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Legislation to make a permanent child tax credit deserves renewed attention with the recently enacted Child Tax Credit part of the America Recovery Plan through which eligible families will receive up to $3,600 per child for the rest of this year. (Photo: Shutterstock)

Let’s Pull the Child Tax Credit from the Ashes of the Social Infrastructure Bill

A permanent child tax credit should appeal to Democrats and Republicans alike. Here's why.

Andrew Wolk

With surprising bipartisan support, the Senate recently approved a $1trillion infrastructure bill to improve America’s crumbling roads, bridges, and transit systems. It faces a tough road in the House though, where the Progressive Caucus has said it will not vote on the bill unless the Senate also passes a separate $3.5 trillion piece of social legislation that would invest in education, childcare, and paid family leave.

At this point, it is unclear whether the plan will pass, but if Congress wanted to pull an easy bipartisan win out of all this, it would do well to coalesce around making the child tax credit permanent.

Legislation to make a permanent child tax credit deserves renewed attention with the recently enacted Child Tax Credit part of the America Recovery Plan through which eligible families will receive up to $3,600 per child for the rest of this year. But basic needs such as housing, food, diapers, and other essentials won’t expire alongside this tax credit in 2022. Now is the time to discuss the actual costs a working-class family faces to make it in America and what we are willing to do to help. 

The Urban Institute recently concluded that a permanent expansion would reduce child poverty by 5.9 percentage points—that’s more than 4.3 million children—and a 40 percent decrease in overall child poverty. Making the child tax credit permanent will stimulate generational change not seen in this country for fifty years, establishing the financial groundwork for many young Americans to pursue ambitious goals.

A permanent child tax credit would better replicate what we know these annual tax credits already provide: improved infant and maternal health and higher performance in school leading to better educational outcomes, better paying jobs, and a higher quality of life. Indeed, Columbia University’s Poverty Center published a study in March 2021 analyzing a tax credit for children in New York City and concluded that “cash and near-cash benefits increase children’s health, education, and future earnings and decrease health, child protection, and criminal justice costs.”

Though some Republicans view the child tax credit as a permanent handout, they may be more likely to support it if government could trim down redundancies elsewhere. With his Family Security Act, Republican Senator Mitt Romney has suggested reducing child poverty by simplifying our many disjointed welfare programs, providing up to $1,250 per month for non-rich households with children. One analysis found that under Romney’s plan, a child born in 2022 could receive up to $62,600 in child support from the federal government by that child’s eighteenth birthday—substantially more generous than Biden’s plan. Romney’s proposal failed, but it demonstrates that people in both parties may find common ground if they choose to look for it.

Senators Sherrod Brown (D-Ohio), Michael Bennet (D-CO) and others have signaled their own desire to see the child tax credit become permanent. There’s no reason why these two groups couldn’t find common ground on this issue.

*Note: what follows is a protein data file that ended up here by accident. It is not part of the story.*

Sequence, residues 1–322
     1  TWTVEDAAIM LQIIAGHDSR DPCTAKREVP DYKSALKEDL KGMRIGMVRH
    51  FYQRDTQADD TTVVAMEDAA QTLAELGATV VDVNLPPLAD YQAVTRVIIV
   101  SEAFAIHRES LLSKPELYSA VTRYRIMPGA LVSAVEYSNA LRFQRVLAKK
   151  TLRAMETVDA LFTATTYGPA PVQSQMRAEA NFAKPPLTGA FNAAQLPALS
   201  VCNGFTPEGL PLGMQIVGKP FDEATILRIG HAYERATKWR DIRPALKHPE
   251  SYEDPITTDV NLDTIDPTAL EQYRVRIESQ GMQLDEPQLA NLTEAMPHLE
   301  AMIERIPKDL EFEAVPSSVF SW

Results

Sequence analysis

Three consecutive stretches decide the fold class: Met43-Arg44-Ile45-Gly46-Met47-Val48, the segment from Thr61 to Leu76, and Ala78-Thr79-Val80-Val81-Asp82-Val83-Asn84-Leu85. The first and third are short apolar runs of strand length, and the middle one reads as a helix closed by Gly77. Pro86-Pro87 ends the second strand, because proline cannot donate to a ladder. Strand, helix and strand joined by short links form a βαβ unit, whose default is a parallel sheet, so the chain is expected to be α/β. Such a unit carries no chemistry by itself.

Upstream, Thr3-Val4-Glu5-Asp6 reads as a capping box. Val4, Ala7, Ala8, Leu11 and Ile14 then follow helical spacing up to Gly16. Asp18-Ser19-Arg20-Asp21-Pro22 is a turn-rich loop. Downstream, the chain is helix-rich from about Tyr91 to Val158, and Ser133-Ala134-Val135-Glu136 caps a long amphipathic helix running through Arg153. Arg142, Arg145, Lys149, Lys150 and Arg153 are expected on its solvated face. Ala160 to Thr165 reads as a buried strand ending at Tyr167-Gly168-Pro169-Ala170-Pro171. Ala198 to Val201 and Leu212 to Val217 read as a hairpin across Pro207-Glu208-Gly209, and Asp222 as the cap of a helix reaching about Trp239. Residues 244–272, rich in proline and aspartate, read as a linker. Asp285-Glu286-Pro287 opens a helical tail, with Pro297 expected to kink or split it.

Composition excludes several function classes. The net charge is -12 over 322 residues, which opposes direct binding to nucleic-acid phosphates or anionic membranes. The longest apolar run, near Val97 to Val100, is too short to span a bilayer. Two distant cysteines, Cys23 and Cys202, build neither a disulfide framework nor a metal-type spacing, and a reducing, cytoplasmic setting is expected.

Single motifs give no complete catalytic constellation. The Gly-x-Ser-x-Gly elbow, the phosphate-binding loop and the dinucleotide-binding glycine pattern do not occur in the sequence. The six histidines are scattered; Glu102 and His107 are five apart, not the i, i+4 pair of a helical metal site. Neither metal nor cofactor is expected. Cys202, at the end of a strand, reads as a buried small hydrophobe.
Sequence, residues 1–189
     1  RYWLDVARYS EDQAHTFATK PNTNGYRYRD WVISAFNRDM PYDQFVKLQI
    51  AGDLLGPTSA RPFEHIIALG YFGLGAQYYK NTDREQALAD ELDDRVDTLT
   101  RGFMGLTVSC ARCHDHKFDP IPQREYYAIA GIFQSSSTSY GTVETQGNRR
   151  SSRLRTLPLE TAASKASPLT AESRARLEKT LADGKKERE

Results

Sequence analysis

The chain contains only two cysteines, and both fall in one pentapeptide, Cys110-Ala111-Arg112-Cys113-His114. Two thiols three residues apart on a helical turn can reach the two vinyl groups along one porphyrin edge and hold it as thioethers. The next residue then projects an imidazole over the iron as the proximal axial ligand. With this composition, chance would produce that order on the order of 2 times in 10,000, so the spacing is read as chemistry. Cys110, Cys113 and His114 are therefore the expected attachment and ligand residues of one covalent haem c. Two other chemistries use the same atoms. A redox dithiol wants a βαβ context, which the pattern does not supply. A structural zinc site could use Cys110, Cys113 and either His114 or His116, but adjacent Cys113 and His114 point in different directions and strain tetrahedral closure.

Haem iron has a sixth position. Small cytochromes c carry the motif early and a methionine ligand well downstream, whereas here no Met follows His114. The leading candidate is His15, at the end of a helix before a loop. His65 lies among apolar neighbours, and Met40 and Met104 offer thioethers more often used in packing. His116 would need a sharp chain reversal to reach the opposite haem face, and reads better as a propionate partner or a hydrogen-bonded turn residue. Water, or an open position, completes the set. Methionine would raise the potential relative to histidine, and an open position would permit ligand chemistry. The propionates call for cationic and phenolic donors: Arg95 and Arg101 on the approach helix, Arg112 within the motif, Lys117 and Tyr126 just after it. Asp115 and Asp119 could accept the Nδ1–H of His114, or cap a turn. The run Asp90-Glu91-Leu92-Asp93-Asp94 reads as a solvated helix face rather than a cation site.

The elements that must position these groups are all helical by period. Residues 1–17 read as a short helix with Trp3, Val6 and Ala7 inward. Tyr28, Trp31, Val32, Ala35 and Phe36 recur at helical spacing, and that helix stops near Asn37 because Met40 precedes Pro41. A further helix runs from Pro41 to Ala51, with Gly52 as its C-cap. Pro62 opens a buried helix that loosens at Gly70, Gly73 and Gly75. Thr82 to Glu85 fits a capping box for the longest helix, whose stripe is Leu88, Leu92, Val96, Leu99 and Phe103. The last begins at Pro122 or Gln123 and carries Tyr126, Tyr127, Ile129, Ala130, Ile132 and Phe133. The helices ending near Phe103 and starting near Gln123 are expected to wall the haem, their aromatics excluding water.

Dealing with child poverty correctly is costly, but if we throw money at underperforming programs it’s even more expensive for the overall economy. Consider the Low Income Home Energy Assistance Program (LIHEAP). In the winter, this program helps qualified applicants pay for heat, but on average, only 20 percent of households that qualify receive benefits. What do we say to the remaining 80 percent? Wear layers? That’s unacceptable. Interestingly, Romney’s plan would have simplified and streamlined LIHEAP.

As expensive as child poverty is, addressing it holistically would benefit the entire American economy. A 2018 study by Michael McLaughlin and Mark R. Ranke of Washington University in St. Louis estimated the economic cost of childhood poverty in the United States and found that “the annual aggregate cost of U.S. child poverty is $1.0298 trillion, representing 5.4 percent of the gross domestic product.”

Americans want their elected officials to work together. A recent YouGov poll found two-thirds of respondents saying they want members of Congress to compromise to get things done. A permanent child tax credit is hardly a panacea to the larger issue of child poverty and the rupture between our institutions and the people they serve. Fewer Americans earn more money today than their parents did. Assisting American families to meet their basic needs fosters the conditions for families to thrive and to participate in the greater economy, which they can’t do if they’re debating between serving dinner or staying warm. Shouldn’t our goal as a modern industrialized nation be for our fellow Americans to have enough money to live? Making the child tax credit permanent would be a down payment on creating a more prosperous future for all.

Every day we wait is another day a child remains mired in the morass of American poverty and caught up in the tangled web of social welfare programs.

Our work is licensed under Creative Commons (CC BY-NC-ND 3.0). Feel free to republish and share widely.

Andrew Wolk

Andrew Wolk is the founder of Finding Common PurposeRoot Cause and two other nonprofits. He has taught social entrepreneurship at MIT and Harvard.

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